Preserving Vintage and Antique Fish Art.
Preserving Vintage and Antique Fish Art.
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S.F. Denton 1895-1907

Prints by Sherman F. Denton. From Annual Report of Fish Forest and Game Commission" State of New York. New York, 1895-1907. Chromolithographs.

The images were drawn by Sherman Foote Denton, who worked as an artist for the U.S. Fish Commission at the Smithsonian Institute and developed a method of mounting fish that preserved their colors as in life. The State of New York Fisheries, Game and Forest Commission then hired Denton to illustrate their annual reports between 1895 and 1907. Denton superb drawings were printed in colors, like his mounted fish, reproducing vividly the appearance of the live fish. These are the standard by which all subsequent fish print are judged.

These beautiful chromolithographs were skillfully executed by one of the very finest of later artists of natural history, Sherman Foote Denton. The Fish and Game of the State of New York Annual Reports 1895-1909, included 99 fresh and saltwater fish as well as several other subjects, including lobsters, oysters, Ring-Necked Pheasant and the Virginia deer. They were published both in books and unbound in a folio set, and it is the prints from the folio set that we are pleased to offer at this time.

Sherman Foote Denton was born in the United States in 1856 (d. 1937) and at a young age traveled extensively in the US & abroad with his naturalist father, teaching himself to draw on his travels. It was a Huckleberry Finn type of existence, which gave him the basis to earn a creative living as an adult through his mastery as a naturalist & artist, not to mention collector of precious stones. Upon his father’s death in New Guinea in 1883, Denton came back to the U.S. to work with the U.S. Fish Commission at the Smithsonian Institute. During this period, he learned the art of taxidermy of fish and while mounting fish, made watercolors of many of his collection. It was from his watercolors of North American fish that the chromolithographs included in the Commission’s reports were taken. The First Annual Report refers to the faithful representation of the illustrations of the subjects.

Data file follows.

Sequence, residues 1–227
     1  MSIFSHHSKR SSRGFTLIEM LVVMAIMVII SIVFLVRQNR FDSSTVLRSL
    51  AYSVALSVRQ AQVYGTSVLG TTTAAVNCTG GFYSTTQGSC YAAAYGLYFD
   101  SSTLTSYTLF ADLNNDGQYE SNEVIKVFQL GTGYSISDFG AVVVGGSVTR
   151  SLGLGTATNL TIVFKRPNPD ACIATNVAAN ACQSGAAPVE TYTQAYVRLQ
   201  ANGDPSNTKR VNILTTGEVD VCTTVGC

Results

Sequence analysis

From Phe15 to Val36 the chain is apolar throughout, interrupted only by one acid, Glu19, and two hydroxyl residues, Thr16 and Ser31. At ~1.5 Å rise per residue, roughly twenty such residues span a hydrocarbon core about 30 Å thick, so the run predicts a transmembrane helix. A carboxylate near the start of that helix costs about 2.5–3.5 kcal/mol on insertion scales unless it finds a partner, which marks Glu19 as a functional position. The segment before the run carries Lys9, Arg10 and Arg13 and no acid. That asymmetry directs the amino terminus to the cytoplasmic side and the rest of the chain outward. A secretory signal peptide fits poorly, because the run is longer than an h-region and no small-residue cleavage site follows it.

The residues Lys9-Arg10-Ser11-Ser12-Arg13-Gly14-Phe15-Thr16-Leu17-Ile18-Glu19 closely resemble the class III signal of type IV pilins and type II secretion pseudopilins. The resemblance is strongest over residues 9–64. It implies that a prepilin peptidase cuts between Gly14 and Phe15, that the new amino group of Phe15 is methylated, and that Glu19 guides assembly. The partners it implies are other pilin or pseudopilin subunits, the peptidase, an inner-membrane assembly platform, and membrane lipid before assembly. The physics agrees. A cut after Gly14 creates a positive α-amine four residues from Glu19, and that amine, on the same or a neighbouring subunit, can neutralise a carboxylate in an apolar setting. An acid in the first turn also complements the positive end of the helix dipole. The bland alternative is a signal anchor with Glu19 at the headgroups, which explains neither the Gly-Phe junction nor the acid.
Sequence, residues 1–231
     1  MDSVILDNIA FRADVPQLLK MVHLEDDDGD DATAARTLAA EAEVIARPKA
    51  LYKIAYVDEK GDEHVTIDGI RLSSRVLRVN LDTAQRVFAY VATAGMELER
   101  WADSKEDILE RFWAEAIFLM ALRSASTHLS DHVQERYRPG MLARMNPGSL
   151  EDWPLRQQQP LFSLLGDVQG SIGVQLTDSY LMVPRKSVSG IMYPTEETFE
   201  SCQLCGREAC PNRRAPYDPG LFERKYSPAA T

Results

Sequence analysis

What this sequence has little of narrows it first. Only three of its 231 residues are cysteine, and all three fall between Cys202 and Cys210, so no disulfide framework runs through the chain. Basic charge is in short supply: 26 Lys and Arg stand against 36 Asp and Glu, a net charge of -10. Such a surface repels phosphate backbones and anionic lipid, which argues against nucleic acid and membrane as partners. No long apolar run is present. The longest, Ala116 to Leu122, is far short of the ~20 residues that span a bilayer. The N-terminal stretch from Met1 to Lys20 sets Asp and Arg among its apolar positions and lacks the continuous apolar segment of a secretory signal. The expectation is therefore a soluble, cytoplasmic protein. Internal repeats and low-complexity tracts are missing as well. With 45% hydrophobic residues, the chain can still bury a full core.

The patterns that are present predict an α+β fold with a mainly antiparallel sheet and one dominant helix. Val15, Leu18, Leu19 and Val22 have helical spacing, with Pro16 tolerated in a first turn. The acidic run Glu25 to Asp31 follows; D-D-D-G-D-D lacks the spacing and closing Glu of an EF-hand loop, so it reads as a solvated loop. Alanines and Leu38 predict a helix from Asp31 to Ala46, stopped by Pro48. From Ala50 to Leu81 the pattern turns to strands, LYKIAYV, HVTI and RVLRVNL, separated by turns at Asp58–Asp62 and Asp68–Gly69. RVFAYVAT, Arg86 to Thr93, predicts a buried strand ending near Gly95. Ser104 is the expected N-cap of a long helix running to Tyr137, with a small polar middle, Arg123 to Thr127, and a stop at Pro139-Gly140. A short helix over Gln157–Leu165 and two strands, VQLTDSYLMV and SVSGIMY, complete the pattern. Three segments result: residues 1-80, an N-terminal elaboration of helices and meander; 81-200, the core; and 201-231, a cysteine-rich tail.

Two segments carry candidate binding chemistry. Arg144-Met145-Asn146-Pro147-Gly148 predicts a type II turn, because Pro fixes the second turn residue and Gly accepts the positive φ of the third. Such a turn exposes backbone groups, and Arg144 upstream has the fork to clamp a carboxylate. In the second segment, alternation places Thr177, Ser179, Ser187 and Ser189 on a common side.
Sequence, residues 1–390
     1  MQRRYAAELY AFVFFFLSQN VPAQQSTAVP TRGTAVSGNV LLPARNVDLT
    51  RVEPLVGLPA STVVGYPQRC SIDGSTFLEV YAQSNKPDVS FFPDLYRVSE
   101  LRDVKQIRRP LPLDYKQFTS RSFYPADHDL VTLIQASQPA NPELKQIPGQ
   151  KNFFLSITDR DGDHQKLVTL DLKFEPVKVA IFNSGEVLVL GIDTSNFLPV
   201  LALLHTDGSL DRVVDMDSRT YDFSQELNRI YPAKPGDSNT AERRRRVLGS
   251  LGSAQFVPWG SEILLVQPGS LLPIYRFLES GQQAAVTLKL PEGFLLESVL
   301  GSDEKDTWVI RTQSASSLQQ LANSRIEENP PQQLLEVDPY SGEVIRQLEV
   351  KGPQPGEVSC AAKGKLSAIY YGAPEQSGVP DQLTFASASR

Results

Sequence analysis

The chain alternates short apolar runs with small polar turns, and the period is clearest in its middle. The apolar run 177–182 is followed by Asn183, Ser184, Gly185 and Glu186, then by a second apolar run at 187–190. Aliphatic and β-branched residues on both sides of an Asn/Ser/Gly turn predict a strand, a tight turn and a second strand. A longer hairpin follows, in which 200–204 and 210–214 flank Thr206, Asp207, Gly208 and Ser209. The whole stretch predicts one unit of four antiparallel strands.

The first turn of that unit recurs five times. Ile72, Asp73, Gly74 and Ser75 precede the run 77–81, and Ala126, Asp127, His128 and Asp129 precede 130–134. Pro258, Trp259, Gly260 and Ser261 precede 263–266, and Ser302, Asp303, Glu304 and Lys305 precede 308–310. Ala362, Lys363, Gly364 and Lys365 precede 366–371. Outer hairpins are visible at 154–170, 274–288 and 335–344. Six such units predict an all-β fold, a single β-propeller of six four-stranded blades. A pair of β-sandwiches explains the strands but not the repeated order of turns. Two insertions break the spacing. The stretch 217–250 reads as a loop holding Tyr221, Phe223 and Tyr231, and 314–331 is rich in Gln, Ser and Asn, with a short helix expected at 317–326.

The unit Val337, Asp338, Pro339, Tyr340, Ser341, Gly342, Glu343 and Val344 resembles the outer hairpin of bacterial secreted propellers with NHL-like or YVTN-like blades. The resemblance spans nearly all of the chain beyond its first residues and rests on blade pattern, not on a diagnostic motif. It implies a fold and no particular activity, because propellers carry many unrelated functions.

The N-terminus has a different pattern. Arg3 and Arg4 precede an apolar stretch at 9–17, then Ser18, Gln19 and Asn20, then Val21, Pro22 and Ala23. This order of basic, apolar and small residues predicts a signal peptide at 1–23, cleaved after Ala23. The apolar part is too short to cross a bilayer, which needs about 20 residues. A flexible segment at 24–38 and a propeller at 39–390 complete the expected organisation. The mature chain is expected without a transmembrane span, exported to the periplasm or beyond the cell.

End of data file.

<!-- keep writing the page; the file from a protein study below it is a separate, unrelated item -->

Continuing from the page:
Denton was a naturalist in the broadest sense. He is known for inventing a special mount for butterflies and, indeed, his butterfly and moth collection was unsurpassed and a large portion was given to Wellesley College later in his life. During one sojourn in the United Kingdom, he put together a collection of every known butterfly and moth native to the British Isles to present to the Prince of Wales on his thirteenth birthday. He was a collector of insects of all kinds, shells, and bird skins and eggs.

Denton loved the field of ethnography and collected Indian relics on his travels. He was also interested in gemstones and found precious and semiprecious minerals and gems amassing a large collection, many of which he himself cut and polished. Denton owned a very valuable collection of American fresh water pearls including one he found that was estimated at the time to be worth $4,000